Blue Mountains derailment disrupts container flow

Liz Wells, December 15, 2022

One of the two rail lines over the Blue Mountains is closed following yesterday’s derailment which has damaged 10km of track. Photo: Transport for NSW

A DERAILMENT on the Blue Mountains line west of Sydney is expected to disrupt the flow of containers into Sydney’s Port Botany for the rest of this month, sources have told Grain Central.

Port Botany is a major export point for cotton, grain and sheepmeat from central New South Wales.

Containers from the region can still get to NSW’s major container port via northern and southern routes.

A Transport for NSW spokesperson confirmed the incident occurred at around 5am yesterday.

“On Wednesday morning a freight train derailment caused significant damage to track infrastructure between Lawson and Linden on the Blue Mountain Line,” the spokesperson said.

“Following inspections by engineers, there is confirmed damage along a 10-kilometre section of track that will require infrastructure repairs along the line.

Part of a bogie damaged during yesterday’s derailment on the Blue Mountains line. Photo: Transport for NSW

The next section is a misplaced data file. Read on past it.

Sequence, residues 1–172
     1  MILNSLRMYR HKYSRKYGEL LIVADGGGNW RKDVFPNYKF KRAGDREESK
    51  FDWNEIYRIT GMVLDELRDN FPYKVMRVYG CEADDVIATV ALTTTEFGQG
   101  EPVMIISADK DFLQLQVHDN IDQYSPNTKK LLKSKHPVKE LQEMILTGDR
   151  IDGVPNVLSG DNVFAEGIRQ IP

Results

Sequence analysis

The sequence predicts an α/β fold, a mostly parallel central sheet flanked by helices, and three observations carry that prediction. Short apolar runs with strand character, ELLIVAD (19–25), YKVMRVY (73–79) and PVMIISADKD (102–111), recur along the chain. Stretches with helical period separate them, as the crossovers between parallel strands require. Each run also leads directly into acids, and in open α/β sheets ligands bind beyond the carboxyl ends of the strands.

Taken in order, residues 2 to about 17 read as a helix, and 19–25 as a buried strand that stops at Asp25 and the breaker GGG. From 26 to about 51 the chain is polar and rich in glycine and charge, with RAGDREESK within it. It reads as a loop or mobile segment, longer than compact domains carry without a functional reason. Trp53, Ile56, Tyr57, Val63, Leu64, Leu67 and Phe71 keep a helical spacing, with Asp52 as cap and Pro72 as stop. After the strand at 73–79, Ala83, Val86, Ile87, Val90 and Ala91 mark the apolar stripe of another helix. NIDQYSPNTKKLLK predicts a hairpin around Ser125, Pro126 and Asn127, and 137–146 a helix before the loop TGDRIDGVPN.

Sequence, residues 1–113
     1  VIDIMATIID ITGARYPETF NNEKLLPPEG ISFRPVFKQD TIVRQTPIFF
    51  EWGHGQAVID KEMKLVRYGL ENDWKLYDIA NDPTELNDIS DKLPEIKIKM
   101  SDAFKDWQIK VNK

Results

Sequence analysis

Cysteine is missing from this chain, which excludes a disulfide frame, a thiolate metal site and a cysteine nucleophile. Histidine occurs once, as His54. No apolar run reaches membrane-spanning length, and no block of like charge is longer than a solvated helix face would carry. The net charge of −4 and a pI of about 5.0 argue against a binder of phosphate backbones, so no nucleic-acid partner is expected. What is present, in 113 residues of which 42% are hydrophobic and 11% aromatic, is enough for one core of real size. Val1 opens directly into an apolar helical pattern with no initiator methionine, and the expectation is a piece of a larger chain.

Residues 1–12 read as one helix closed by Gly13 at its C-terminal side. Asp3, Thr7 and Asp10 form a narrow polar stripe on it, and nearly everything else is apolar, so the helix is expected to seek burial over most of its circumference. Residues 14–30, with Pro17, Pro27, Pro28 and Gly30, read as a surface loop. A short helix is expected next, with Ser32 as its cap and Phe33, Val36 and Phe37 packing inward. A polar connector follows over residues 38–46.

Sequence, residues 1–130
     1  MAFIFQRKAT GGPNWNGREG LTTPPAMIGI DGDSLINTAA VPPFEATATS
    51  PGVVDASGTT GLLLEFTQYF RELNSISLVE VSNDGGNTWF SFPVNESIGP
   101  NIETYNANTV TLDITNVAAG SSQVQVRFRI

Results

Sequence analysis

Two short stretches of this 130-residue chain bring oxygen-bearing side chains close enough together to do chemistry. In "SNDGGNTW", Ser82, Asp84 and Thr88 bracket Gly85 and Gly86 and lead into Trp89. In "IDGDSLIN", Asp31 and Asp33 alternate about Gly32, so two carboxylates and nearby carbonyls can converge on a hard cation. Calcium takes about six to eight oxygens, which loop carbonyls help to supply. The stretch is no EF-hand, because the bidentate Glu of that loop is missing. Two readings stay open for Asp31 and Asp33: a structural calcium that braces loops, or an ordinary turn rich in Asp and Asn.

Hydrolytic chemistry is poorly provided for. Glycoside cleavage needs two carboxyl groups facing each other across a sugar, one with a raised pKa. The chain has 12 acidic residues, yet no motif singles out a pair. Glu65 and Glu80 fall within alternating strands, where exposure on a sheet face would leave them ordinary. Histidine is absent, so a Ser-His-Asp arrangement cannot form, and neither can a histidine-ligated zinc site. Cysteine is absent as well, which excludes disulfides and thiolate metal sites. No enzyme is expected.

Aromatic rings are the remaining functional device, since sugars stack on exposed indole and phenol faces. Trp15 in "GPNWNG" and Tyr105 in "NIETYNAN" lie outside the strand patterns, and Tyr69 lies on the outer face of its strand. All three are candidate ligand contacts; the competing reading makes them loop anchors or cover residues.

“An exact timeframe on the repairs and the associated impacts are being worked through.

“Transport for NSW will continue to provide regular updates to the rail freight industry on progress of the repairs.”

No-one was injured in the incident, but damage to the track has disrupted passenger services, and these are being replaced by buses operating between Katoomba and Springwood.

Logistics provider Qube Holdings Ltd has confirmed it was operating the train involved, and that it was travelling from Warren in the Macquarie Valley to Port Botany.

A Qube spokesperson said the cause of the derailment was under investigation.

“Qube is working closely with Sydney Trains and other relevant agencies on the investigation and to ensure services can be restored as soon as possible,” the spokesperson said.

A source has told Grain Central the damage is unlikely to be fixed before the end of the month, but that the dual line will allow some rail freight to get through, possibly for 12 hours a day, with closure for the other 12 hours to allow repairs to be carried out safely.


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